deduction under section 80IB of the Act in the aforesaid
                 assessment years.

                 25. After examining the facts on records and the legal
                 position, we find that the contentions of the Department


WP(C) 830/2013                                                          Page 6 of 10
                 for disallowance of the deduction under Section 80IB is
                 without any basis or material on records whereas the
                 applicant        has         furnished       overwhelming
                 materials/evidences to justify the allowance of such
                 deductions. Therefore, we are of the considered view
                 that the applicant is entitled for deduction under Section
                 80IB of the Act as claimed by it.

                 26. The learned CIT(DR) submitted that for the
                 A.Y.2004-05 the factory premises had run for less than 6
                 months and, therefore, depreciation claimed by the
                 applicant may be allowed at the rates as per law. The
                 submission is accepted and the depreciation is to be
                 allowed accordingly."


7.      From the above extracts it can be found that one of the issues that was

raised was that no manufacturing activity or very little manufacturing

activity was carried out by the respondent at its unit at Baddi, Burhanwala

District, Himachal Pradesh and, therefore, the respondents would not be

entitled to a deduction under Section 80-IB of the said Act. It is to be noted

that the Settlement Commission had observed that the respondents have

brought out sufficient material to show that it had satisfied the conditions

laid down in Section 80-IB of the said Act. The respondents have paid

Central Excise duty to the tune of `310.17 crores in respect of the

manufacturing activity carried out by it at Baddi unit in respect of the sales

of `573.58 crores during the financial years 2004-05 to 2008-09.




WP(C) 830/2013                                                          Page 7 of 10
8.      It is in this context that the Settlement Commission rejected the

contention of the Revenue that the manufacturing was done outside the

Baddi factory though Central Excise duty was paid in respect of the

clearances made at the Baddi unit. The Settlement Commission came to this

conclusion inasmuch as the department had not been able to produce any

incriminating evidence either found during the search or later which could

substantiate their claim that the respondent was not entitled to the deduction

under Section 80-IB of the said Act.

9.      We do not agree with the submission made by Mr Sahni that the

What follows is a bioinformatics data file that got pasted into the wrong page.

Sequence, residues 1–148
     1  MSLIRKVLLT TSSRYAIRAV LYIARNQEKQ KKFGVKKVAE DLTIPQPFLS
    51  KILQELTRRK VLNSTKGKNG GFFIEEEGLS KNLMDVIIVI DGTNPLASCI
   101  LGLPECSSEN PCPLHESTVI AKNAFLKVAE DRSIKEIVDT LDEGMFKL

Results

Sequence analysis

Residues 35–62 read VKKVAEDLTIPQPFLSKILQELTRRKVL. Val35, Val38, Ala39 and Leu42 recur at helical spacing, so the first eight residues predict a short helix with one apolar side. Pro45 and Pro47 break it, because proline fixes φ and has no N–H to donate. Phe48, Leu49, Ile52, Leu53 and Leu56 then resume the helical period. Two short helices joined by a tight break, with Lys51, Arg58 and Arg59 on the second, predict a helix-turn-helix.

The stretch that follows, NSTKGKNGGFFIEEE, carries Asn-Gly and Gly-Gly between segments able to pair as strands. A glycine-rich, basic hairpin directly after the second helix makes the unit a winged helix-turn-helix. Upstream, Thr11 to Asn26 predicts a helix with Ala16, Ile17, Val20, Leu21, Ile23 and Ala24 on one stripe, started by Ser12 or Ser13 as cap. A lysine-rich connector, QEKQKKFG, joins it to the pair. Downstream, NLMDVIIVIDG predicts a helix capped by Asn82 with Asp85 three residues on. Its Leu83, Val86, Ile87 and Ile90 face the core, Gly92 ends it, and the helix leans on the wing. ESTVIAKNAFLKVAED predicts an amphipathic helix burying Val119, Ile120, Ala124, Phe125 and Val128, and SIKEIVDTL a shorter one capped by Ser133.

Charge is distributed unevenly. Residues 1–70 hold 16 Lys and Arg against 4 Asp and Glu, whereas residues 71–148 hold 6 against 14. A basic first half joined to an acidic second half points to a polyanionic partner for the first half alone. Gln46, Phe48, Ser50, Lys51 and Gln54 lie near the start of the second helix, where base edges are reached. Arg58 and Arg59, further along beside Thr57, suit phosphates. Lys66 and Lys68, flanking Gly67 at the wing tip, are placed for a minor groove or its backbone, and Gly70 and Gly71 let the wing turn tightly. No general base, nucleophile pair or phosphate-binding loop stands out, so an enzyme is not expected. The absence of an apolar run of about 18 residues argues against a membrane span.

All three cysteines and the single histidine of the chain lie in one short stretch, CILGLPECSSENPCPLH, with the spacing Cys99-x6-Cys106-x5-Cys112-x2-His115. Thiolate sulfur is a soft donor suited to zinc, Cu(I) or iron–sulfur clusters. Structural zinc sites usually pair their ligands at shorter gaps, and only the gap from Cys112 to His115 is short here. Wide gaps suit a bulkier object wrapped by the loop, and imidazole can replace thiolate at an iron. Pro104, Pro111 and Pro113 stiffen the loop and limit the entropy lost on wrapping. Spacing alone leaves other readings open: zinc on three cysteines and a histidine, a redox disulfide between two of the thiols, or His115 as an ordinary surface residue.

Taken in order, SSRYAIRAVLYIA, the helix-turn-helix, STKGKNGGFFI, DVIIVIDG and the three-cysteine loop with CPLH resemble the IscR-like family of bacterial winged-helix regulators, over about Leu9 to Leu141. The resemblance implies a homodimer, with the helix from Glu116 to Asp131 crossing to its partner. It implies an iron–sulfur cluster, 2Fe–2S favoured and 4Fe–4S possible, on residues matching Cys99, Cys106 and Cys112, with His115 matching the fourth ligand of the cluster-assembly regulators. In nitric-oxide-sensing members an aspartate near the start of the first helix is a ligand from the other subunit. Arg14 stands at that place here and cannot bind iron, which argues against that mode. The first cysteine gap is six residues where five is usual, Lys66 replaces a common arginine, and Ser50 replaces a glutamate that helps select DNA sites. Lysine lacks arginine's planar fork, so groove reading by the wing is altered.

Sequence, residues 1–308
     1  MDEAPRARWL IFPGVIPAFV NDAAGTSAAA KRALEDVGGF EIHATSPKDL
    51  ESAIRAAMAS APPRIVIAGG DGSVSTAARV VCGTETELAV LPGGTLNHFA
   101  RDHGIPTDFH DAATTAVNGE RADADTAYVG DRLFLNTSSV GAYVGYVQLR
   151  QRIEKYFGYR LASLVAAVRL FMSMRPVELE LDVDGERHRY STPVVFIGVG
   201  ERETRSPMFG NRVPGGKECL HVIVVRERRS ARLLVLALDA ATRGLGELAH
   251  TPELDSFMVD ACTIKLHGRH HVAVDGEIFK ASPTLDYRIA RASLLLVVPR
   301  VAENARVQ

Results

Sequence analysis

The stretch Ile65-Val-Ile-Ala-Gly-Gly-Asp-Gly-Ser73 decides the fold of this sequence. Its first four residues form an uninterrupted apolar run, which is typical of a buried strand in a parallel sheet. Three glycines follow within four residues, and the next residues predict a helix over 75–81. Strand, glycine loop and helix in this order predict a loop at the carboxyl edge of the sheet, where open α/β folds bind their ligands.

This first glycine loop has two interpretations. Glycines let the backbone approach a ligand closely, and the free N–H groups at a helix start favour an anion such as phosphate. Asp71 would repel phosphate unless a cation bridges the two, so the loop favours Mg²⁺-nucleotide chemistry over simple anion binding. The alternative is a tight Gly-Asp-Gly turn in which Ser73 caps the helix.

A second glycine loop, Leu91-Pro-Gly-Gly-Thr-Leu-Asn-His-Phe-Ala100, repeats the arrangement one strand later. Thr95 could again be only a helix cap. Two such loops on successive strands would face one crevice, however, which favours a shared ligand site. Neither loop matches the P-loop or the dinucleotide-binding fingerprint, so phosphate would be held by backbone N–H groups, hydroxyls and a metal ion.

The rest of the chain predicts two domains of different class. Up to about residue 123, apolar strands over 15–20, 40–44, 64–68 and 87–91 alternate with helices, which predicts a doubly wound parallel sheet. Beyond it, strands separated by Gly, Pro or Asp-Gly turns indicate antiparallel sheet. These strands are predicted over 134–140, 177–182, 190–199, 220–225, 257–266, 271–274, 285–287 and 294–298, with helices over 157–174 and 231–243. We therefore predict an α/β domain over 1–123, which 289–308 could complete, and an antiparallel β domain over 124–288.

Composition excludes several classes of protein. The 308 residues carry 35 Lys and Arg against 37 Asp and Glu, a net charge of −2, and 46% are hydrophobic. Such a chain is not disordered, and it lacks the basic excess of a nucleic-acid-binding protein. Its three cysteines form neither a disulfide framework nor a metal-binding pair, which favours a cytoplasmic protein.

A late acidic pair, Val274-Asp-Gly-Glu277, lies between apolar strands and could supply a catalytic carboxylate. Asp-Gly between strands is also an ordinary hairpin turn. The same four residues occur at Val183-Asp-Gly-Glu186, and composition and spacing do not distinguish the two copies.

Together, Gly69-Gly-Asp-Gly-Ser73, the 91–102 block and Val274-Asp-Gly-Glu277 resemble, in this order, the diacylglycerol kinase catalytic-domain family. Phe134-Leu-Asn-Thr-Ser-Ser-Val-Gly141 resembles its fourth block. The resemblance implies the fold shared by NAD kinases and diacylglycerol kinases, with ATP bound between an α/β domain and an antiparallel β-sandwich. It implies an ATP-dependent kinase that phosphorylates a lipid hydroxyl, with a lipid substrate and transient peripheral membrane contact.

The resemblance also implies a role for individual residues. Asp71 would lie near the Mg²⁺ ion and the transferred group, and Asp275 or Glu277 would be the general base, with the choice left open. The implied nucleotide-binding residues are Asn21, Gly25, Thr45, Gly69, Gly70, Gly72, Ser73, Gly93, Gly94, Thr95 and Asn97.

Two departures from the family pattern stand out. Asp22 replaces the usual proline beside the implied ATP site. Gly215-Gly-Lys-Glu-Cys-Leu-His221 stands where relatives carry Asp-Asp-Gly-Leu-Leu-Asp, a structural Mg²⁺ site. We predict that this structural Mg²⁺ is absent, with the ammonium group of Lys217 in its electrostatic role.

Settlement Commission had not examined and overlooked the material

placed before the Settlement Commission in support of their contentions that

the respondent was not entitled to the deduction under Section        80-IB of

the said Act. On examining Section 80-IB of the said Act it is evident from

the three conditions stipulated in sub-section (2) thereof that until and unless

those three conditions are satisfied, the assessee would not be entitled to the

deduction under Section 80-IB of the said Act. Essentially, the new unit

should not have been made by splitting up or reconstructing an already

existing business; the new business should not have been formed by transfer

if the plant or machinery which had been previously used for the purpose;

the goods manufactured at the new unit should not be included as an article


WP(C) 830/2013                                                        Page 8 of 10
specified in the Eleventh Schedule and the new unit should employ 10 or

more employees when it manufactures with the aid of power or employ 20 or

more employees when the manufacturing activities are carried on without the

aid of power. Insofar as these conditions are concerned, there is no material

to show that they have not been satisfied. On the contrary, there is evidence

of the fact that the Assessing Officer, in respect of the assessment years

2005-06, 2006-07 and 2007-08, has allowed the deduction under Section 80-

IB of the said Act. The presumption is that an Assessing Officer is aware of

the conditions stipulated in sub-section (2) of Section 80-IB of the said Act

and that he verifies that those conditions have been met. It is his duty to do

so. In the present case the Assessing Officer allowed the deduction under

Section 80-IB of the said Act for the three assessment years ­ 2005-06,

2006-07 and 2007-08. It can safely be assumed that he had checked and

verified that the conditions stipulated in Section 80-IB (2) had been satisfied.

There is nothing on record to rebut this presumption. Therefore, it cannot be

contended that the conclusion arrived at by the Settlement Commission that

the respondent was entitled to the deduction under Section 80-IB of the said

Act was arbitrary or perverse.

10.     In view of the foregoing discussion and in the backdrop of our limited

power of review, no case for interference with the order passed by the





WP(C) 830/2013                                                        Page 9 of 10
Settlement Commission has been made out. The writ petition is dismissed.

There shall be no order as to costs.




                                       BADAR DURREZ AHMED, J.




                                       SIDDHARTH MRIDUL, J.
MAY 22, 2014
dn




WP(C) 830/2013                                                 Page 10 of 10